“It was only when Zarda chose to act in an unprofessional manner and openly discuss his sexuality with customers (rather than his coworkers), that Maynard was forced to take action. In fact … he had a bad habit of unprofessionally sharing details about his sexuality with anyone who would listen (including some customers who did no make objections), and still Maynard did not fire him.”
Eventually, a customer did complain, and his boss acted.
On the issue of the law, the amicus brief explains that Congress has, on multiple instances, declined to add sexual orientation to Title VII protections. And it notes Gorsuch’s straightforward explanation of how the American system was designed to work.
“Consonant with this separation of powers principle, this court must decline [the] invitation to disregard the original meaning of ‘because … of sex,’ as it appears in Title VII.”
The case started in 2010 when Donald Zarda, who taught skydiving, sued his employer claiming he was fired for his sexual orientation. He claims that violated Title VII.
But the question is whether Congress in the 1960s knew full well that it was advocating for gender orientation rights when it adopted the law.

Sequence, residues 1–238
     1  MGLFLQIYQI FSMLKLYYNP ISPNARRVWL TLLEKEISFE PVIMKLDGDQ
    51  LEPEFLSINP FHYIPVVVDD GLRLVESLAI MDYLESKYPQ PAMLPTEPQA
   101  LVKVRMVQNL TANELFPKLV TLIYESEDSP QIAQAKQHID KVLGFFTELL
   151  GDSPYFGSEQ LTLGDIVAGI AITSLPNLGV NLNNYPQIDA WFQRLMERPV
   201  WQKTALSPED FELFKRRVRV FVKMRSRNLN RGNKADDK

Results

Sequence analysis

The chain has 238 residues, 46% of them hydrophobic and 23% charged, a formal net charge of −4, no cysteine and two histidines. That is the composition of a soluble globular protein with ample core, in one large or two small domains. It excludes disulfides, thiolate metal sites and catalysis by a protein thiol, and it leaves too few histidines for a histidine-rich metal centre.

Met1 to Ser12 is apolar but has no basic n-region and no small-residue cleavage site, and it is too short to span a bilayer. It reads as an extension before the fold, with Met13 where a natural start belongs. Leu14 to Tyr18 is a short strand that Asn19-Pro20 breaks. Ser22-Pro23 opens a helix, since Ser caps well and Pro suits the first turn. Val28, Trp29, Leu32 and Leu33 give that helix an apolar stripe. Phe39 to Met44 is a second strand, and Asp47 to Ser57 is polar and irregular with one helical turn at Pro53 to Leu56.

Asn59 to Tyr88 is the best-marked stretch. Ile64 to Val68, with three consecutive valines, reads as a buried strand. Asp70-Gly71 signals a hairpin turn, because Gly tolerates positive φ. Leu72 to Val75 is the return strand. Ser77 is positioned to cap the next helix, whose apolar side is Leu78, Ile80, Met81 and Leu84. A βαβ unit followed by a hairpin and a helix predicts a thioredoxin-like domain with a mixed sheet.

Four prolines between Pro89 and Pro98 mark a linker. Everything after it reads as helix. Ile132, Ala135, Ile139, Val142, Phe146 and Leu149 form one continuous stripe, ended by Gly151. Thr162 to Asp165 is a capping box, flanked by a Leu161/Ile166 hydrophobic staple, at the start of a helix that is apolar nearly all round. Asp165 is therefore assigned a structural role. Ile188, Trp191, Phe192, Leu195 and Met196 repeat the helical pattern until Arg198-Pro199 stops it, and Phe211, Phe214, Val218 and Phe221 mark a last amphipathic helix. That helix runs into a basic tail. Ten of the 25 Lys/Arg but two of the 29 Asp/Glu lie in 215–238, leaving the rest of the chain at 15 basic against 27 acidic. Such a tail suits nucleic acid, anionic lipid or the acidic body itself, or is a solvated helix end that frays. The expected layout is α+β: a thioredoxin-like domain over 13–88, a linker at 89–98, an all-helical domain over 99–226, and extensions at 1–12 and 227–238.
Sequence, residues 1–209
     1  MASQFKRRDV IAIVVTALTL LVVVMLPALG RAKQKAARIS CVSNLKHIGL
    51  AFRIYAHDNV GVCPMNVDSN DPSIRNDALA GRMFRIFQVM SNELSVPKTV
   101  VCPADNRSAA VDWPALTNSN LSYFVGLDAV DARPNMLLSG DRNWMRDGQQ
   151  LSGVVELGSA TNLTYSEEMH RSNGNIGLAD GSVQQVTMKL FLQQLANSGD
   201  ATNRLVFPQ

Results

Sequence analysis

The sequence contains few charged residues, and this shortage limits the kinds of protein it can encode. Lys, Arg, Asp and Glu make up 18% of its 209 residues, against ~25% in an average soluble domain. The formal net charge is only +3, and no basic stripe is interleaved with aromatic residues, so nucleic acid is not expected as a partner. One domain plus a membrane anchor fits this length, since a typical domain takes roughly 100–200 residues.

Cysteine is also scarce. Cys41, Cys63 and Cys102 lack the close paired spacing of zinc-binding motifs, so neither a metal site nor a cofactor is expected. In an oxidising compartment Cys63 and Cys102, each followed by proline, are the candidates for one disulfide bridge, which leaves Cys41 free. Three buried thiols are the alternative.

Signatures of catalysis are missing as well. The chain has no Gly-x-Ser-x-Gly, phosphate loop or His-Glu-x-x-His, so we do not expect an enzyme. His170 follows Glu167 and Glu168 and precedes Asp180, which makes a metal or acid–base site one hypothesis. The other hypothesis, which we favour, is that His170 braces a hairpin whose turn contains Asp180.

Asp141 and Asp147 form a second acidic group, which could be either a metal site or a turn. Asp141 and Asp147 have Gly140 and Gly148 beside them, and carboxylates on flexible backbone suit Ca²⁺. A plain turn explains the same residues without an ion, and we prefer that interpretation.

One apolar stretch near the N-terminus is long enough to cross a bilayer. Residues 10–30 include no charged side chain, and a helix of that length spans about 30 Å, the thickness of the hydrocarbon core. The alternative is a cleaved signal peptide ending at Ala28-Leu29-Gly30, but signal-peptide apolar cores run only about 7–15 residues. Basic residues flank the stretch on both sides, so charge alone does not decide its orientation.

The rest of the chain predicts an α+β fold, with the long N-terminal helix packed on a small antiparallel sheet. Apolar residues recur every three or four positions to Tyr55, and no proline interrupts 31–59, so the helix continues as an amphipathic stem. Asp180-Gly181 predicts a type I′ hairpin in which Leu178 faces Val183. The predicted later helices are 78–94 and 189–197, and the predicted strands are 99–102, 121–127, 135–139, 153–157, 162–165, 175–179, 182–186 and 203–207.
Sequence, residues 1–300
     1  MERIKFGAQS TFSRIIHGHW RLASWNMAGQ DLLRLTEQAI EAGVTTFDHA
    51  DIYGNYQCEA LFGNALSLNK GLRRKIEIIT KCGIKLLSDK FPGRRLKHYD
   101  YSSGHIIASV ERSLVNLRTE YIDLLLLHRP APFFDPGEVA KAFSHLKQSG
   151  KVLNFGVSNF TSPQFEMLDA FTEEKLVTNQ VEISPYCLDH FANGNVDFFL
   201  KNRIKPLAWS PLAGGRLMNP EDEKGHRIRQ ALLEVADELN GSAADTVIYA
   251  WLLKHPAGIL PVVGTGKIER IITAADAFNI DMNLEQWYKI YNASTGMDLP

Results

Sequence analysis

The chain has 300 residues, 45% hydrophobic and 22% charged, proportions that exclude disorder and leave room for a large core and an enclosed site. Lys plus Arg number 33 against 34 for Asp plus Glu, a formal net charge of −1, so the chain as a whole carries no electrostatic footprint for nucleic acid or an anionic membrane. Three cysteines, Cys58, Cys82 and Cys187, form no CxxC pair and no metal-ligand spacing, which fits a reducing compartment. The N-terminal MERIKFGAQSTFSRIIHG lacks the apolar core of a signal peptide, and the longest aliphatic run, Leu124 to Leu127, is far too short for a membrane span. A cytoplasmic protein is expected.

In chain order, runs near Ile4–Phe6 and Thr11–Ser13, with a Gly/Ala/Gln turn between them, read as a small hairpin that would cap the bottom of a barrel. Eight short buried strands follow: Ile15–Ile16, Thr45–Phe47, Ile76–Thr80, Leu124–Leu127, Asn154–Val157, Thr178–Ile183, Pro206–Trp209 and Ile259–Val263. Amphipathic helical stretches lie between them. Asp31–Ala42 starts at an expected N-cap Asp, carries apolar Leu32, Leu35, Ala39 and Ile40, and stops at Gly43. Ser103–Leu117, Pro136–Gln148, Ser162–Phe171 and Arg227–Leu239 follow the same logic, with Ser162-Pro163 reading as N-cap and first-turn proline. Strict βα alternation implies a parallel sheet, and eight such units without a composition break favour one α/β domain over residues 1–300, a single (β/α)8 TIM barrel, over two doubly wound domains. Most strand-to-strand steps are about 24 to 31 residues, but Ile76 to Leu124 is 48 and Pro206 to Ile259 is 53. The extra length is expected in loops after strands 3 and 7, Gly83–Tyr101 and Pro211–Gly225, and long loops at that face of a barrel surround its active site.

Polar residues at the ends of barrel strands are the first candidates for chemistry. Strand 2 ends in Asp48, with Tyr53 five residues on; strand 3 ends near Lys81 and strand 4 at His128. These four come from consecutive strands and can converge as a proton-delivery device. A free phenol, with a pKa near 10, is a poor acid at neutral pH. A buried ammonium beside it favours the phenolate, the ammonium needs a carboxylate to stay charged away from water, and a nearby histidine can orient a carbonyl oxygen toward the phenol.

The U.S. Department of Justice submitted a simple statement: “Title VII does not prohibit discrimination because of sexual orientation.”
“The essential element of sex discrimination under Title VII is that employees of one sex must be treated worse that similarly situated employees of the other sex, and sexual orientation discrimination simply does not have that effect.
“Moreover, whatever this court would say about the question were it writing on a blank slate, Congress has made clear through its actions and inactions in this area that Title VII’s prohibition of sex discrimination does not encompass sexual orientation discrimination.”
“The sole question here is whether, as a matter of law, Title VII reaches sexual orientation discrimination. It does not, as has been settled for decades. Any efforts to amend Title VII’s scope should be directed to Congress rather than the courts,” according to the DOJ’s brief.
It concluded “that Title VII does not prohibit discrimination because of sexual orientation.”